Pershing Square Cafe, across the street from Grand Central Station.
We took a quick trip into New York to see the Degas Monoprint show at MoMA which is ending this weekend. If you’re within striking distance, this show is highly recommended.
Degas was one of the first artists to really let out all the stops on multiple types of manipulation(s) to a print after it comes off the press. A single etching comes off, then he draws on it and it’s a one of a kind. That’s what a mono print is all about.
The show is incredible, well worth seeing.
I had planned to see this show earlier in the summer but as many of you know, my mother passed away and we got busy with all that that kind of event brings (burial, dealing with her house, belongings, and “estate”).
We came back from Los Angeles just in time to catch this show and both Anne and I loved it.
So, this high contrast Ricoh GR shot of a glass of water at dinner last night is my reference marker for Degas’ amazing mono prints.
The show catalog is up on Amazon ($5 cheaper than it was at MoMA) and while I don’t think it’s anywhere near what the show was, it might be worth checking out if you’re into this kind of printmaking.
Anyone who shoots high contrast images with the Ricoh GR needs to see this work for sure. It pre-dates the current crop of high contrast work by 150 years and Degas was a master of moving composition (he’s famous for his ballet dancers but he drew all kinds of people doing all kinds of things).
The Museum of Modern Art has what looks like a fantastic show of Edgar Degas monotypes: Edgar Degas: A Strange New Beauty.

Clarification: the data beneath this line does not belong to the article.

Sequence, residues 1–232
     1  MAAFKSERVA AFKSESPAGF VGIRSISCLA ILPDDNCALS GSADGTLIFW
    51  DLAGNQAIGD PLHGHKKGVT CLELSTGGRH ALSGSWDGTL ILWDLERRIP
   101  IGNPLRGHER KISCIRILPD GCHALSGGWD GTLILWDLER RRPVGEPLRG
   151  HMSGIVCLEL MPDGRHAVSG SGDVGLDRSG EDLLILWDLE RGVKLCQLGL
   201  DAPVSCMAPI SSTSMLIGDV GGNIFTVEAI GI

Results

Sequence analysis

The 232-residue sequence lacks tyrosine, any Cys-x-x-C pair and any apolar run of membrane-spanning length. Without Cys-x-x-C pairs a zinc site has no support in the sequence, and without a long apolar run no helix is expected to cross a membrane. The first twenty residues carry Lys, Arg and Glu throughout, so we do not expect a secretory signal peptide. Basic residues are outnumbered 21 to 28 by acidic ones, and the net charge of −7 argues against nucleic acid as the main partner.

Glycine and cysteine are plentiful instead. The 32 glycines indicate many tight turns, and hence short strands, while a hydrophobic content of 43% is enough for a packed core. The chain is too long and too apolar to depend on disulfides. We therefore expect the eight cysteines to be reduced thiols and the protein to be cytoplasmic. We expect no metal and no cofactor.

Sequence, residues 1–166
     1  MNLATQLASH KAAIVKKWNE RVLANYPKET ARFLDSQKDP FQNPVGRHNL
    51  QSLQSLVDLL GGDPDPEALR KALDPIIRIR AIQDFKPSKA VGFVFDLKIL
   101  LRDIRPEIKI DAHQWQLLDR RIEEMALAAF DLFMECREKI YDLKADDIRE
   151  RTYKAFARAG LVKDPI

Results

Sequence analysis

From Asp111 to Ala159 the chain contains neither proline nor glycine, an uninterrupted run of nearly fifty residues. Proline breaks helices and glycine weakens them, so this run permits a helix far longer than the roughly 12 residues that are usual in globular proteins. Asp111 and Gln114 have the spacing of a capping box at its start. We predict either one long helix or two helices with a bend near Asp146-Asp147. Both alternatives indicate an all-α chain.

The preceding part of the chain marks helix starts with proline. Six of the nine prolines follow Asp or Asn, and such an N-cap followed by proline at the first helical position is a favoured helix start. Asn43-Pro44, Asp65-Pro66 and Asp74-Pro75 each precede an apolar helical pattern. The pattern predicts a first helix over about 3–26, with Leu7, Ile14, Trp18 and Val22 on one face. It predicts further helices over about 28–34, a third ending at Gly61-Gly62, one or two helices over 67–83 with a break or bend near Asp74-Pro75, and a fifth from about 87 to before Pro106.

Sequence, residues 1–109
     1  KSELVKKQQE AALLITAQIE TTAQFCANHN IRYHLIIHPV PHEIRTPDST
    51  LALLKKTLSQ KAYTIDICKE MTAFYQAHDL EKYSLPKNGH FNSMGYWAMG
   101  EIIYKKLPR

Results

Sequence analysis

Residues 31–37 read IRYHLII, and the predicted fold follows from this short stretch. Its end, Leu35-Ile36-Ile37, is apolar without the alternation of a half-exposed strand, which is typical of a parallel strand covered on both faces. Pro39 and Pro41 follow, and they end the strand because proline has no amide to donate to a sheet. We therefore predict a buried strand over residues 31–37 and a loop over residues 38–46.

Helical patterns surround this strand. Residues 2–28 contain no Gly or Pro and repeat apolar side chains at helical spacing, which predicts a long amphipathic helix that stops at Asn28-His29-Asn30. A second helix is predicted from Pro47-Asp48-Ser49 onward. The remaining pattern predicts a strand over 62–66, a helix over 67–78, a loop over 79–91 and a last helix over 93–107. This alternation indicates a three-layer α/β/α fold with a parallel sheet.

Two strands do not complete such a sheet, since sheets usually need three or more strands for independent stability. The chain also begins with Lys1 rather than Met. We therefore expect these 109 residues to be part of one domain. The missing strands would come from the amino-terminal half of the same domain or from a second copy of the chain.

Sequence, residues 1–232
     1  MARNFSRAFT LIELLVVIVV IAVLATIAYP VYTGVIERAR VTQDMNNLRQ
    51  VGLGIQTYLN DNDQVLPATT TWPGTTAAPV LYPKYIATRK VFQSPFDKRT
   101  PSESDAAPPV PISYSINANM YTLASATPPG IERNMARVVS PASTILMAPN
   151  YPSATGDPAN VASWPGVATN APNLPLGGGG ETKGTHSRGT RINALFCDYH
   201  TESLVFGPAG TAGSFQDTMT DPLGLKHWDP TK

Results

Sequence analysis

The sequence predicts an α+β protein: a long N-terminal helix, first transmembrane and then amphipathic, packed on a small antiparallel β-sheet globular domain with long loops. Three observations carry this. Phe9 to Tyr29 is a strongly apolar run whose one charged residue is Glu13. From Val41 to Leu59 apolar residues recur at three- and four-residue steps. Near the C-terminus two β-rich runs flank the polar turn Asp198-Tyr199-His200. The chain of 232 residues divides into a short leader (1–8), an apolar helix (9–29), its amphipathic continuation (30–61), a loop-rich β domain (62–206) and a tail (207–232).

The video above is a terrific overview of both the Degas work and the monotype process.
This looks like a terrific show, I’ll be seeing it for sure.
Lest you think printmaking can’t be part of the photographic process, my good friend Gary Sharp has done a type of mono-printing with Polaroid photography: Polaroid Transfers to watercolor paper.
This is a Polaroid SX70 photograph of an onion. While the Polaroid film is still wet, the back is peeled off and a piece of watercolor paper is laid on it. A brayer is used (like the press in the video) to apply pressure and the image is transferred (printed) on the paper. This image is a scan of one of those prints.
I’ve always been in awe of Gary’s experiments and as a photographer who makes fine art prints of his work, I’m interested in all aspects of the printing and printmaking process.
Pasadena, California. Don’t tell too many people but the Norton Simon Museum in Pasadena has one of the finest collections of art on earth and absolutely the finest collection in the Los Angeles area. The Getty Center may be more interesting architecturally but this is the place to see art. It’s beautifully curated, the light and spaces are superb, and it’s just enough to make it a worthwhile destination but not so much you feel like you need a nap afterwards (depends on your age).
My 91 year old mother has a warm place in her heart for any of Edgar Degas’ dancers and this bronze is one of his most famous. Behind her is a room full of the finest Degas bronze dancers, paintings and other 19th century work. Behind me as I take this is a wing of Picasso, Braque, Klee, Kandinsky and more, and not just any paintings, some of the finest you’ve been looking at in art books for years. They’re all here in the permanent collection of this humble but spectacular museum.
The Norton Simon has a special photography exhibition going on now The Collectible Moment: Photographs in the Norton Simon Museum which is a small portion of the permanent photography collection of this outstanding museum. This exhibit has Adams, Cunningham, both Westons, Arbus and all the photographers we all admire in books.
Here my mother is looking straight ahead at a famous Diane Arbus while I take her picture with another famous Arbus behind her. Mind blowing.
Norton Simon and whoever has helped him assemble this collection have assembled one of the greatest collections of photography in the world. And, it is rarely shown. This show will be up through March 12 and if you can get to it you will not be sorry.